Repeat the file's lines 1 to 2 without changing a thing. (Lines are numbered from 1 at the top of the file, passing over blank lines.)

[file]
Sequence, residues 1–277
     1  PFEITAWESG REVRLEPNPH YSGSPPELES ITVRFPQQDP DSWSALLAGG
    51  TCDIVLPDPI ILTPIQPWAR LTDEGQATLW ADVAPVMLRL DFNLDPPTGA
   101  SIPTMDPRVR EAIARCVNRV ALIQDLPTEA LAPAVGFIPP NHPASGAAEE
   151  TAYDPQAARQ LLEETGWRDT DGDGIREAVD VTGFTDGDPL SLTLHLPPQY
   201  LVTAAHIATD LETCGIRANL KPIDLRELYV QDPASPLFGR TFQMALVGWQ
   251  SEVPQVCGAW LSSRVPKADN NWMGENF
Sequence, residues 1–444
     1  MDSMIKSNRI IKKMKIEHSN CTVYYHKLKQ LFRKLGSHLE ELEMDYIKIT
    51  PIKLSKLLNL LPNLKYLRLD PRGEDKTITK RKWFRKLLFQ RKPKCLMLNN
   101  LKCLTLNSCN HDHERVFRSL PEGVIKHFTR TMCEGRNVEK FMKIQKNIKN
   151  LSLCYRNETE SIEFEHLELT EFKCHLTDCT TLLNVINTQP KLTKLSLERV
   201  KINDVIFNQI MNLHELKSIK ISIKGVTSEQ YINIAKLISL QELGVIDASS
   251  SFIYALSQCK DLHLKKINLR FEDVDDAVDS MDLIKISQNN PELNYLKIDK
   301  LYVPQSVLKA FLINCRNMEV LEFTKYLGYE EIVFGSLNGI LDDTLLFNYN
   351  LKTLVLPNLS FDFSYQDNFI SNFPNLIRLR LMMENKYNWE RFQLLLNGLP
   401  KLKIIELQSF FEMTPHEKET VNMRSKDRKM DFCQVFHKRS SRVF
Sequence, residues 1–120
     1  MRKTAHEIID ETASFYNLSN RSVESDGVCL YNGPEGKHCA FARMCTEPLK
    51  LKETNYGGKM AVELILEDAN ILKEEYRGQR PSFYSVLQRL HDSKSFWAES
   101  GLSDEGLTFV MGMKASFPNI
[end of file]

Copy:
Sequence, residues 1–277
     1  PFEITAWESG REVRLEPNPH YSGSPPELES ITVRFPQQDP DSWSALLAGG